Tuesday, September 16, 2008

So machine vision work is interesting?

Absolutely. For the engineer, or anyone else, with an interest in physics, engineering, and solving problems, machine vision is a treasure trove of fascinating technologies.

What I find so interesting is the way in which it draws together many different strands of science and engineering. For the physicist there are all the optical interactions to explore. Not just the business of light passing through a lens, but the way in which light reflects from surfaces, the various means of producing light, and the utilization of various wavelengths – from UV to IR - to help simplify and solve imaging problems.

Moving deeper, there’s the semiconductor science. While it may not be essential to understand how photons are ‘detected’ by the silicon, it sure helps to grasp the basics of how a camera works. As I’ve said before, an appreciation of the operating mechanism improves your ability to use a tool to good effect.

The software engineer or computer science geek is attracted by the image processing and analysis task. To the computer images are little more than large arrays: it takes a great deal of ingenuity to extract useful information from such a vast cloud of numbers. On the other hand, many of the actual number-crunching algorithms were developed long ago, so today the challenge is in figuring out which tools to use.

The electrical engineer is drawn in to the challenge of making it work. It’s all very well for a PC to analyze an image and determine if a part is present or absent, but that knowledge is useless unless you act upon it. The electrical engineer delights in hooking up triggers, managing the I/O, and bringing the hardware and software together in one functioning system.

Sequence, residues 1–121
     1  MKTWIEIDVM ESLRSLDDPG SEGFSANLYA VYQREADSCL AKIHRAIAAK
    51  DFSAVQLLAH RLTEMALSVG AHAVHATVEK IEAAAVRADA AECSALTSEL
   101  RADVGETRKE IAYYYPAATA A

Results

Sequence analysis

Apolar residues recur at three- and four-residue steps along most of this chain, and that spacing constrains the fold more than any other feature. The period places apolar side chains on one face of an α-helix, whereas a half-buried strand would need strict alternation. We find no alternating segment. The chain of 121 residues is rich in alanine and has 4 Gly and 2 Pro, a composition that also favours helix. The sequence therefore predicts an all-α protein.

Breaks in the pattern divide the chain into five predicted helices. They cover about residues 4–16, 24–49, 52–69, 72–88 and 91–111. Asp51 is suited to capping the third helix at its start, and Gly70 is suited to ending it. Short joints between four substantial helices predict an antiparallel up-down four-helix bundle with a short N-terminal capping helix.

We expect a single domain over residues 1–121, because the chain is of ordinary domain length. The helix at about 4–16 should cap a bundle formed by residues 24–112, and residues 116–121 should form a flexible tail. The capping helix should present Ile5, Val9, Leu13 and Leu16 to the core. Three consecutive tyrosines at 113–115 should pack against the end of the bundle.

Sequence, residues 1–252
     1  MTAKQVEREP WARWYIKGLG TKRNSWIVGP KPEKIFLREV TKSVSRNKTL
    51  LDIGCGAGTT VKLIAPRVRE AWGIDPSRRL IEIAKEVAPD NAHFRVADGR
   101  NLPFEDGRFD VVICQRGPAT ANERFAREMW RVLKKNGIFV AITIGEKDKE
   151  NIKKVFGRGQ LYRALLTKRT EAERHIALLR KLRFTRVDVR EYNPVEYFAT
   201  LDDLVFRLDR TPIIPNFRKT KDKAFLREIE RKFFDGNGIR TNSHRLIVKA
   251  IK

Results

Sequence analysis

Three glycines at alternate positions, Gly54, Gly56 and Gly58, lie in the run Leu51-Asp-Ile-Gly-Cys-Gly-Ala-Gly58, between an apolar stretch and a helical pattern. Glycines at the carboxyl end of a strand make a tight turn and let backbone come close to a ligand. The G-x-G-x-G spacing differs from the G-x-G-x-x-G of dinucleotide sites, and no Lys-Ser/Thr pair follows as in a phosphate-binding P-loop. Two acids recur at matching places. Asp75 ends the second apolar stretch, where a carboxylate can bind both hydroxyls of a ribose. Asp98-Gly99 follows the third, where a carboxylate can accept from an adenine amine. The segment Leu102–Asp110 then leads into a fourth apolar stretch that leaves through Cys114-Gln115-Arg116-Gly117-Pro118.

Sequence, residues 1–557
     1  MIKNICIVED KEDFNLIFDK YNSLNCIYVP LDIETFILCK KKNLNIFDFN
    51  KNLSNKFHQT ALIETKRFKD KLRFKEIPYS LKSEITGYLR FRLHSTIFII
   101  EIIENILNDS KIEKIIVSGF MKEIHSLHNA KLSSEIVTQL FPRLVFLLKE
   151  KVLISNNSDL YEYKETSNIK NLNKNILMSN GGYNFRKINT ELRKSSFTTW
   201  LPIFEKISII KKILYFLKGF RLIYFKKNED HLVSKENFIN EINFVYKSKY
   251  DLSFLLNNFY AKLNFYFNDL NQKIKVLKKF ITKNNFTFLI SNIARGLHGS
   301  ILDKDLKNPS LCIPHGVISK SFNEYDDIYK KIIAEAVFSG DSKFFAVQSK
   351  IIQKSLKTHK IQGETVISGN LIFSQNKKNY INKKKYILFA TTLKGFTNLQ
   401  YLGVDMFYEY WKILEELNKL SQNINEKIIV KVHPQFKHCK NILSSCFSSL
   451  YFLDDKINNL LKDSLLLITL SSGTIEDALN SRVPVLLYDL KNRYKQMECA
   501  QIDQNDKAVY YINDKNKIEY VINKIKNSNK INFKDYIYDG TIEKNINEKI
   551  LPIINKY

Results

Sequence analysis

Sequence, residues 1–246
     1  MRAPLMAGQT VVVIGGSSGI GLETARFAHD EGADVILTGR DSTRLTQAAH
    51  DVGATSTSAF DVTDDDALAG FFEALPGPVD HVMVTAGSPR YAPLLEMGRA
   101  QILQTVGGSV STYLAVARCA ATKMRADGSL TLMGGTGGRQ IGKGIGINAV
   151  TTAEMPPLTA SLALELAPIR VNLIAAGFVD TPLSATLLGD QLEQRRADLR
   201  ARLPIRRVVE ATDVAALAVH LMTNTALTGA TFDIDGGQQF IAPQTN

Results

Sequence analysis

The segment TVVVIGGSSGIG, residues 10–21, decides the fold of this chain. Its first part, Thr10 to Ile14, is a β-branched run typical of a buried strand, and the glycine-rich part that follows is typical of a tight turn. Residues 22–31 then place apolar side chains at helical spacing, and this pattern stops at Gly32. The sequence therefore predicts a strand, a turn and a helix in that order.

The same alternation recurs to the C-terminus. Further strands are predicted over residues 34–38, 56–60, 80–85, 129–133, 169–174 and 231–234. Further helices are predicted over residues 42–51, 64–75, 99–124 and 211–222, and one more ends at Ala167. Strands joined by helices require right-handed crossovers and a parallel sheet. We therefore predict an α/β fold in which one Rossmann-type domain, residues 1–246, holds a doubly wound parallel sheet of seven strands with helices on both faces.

I think the bottom line is that engineers are by nature problem solvers, and it’s hard to find a field that offers as many, and as a wide a variety, of problems, as does machine vision. Yes, the hours can be long, and perhaps the rewards aren’t as great as in law or medicine, but frankly I can’t think of another career that lets me have as much fun solving problems and playing with cutting-edge ‘toys’!


Andy Wilson said...

Dear Sir:

I completely agree with you. But my Dad - if he were still alive - would be rather dissapointed you ommitted mechanical engineers! While machine vision provides an important part in any manufacturing process, it provides a relatively small contribution compared with the knowledge required to implement, for example, a canning line!

All the best,

Andy Wilson
Vision Systems Design magazine

Passion for Vision said...

I also agree - machine vision is SO interesting!

Personally, I like reading about the incredibly creative, non-industrial applications. Who ever thought that machine vision would be used to measure and sort live fish in a stream or use pattern recognition to solve jigsaw puzzles?

Heather S.